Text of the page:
River bailiffs helped by volunteers

Salmon fishing
Salmon fishing

A River Tweed neighbourhood watch has helped bailiffs combat poaching on the river over the past year.

River Tweed Commissioners bailiff reserves, volunteers who spend much of their time on the river, effectively became a Tweed neighbourhood watch scheme

Working with Police Scotland, Tweed Commission bailiffs adopted a partnership approach to fighing organised crime and a new intelligence system was introduced to investigate, gather, disseminate and report information on poaching, markets, dealers, and how they are connected.

“The Bailiff team’s usual patrols resulted in 22 nets being recovered from Lower Tweed, the Whiteadder and Till during 2014,” said Tweed Commissioners chairman Douglas Dobie, in his annual report.

“Many of those finds followed on from information received from anglers or dog walkers; we are extremely grateful for their help.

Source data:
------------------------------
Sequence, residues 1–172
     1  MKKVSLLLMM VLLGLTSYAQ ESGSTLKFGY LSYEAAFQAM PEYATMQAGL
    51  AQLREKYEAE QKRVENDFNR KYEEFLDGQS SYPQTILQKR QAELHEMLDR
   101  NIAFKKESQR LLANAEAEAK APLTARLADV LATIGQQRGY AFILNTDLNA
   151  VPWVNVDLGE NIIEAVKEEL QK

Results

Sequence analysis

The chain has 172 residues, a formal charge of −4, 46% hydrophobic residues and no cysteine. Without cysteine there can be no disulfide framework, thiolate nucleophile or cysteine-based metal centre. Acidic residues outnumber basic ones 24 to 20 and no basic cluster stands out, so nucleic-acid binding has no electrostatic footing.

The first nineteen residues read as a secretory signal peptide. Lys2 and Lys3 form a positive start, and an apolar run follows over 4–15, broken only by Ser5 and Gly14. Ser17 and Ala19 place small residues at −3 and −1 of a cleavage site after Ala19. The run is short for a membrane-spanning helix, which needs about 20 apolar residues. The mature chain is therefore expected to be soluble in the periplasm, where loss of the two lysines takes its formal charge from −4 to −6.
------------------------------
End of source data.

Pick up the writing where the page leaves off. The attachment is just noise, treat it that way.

“Six cases were successfully prosecuted in Berwick Magistrates Court, mostly involving offences on the beach and surrounding areas; a further case was pending at the year end.”

The Bailiff team conducted more early morning patrols and routine visits in and around the fish dealers and markets in Eyemouth at the start of the fishing season in February.

The early part of the season also saw regular and steady numbers of mainly sea-trout being recorded by the coastal nets and put through the fish merchants in Eyemouth.

“The River Tweed Commissioner’s sea-boat was used, particularly in directing patrols to monitor the activities of the coastal nets,” added Mr Dobie.

“In this it proved invaluable in allowing the bailiffs to clearly see, at close range, when nets were set in the sea and actually fishing.

“Much time was also spent patrolling the coastline, in and out of coves and close to shore, checking for poachers’ nets set from land, and using the sea-boat to effectively direct bailiffs on-shore to those nets.

“During the summer and into autumn the bailiffs responded to numerous reports of illegal fishing, mainly on beat around Kelso, Melrose and Galashiels.

“Those caught committing such offences had warnings issued or advice given and where necessary, all fishing tackle was confiscated.”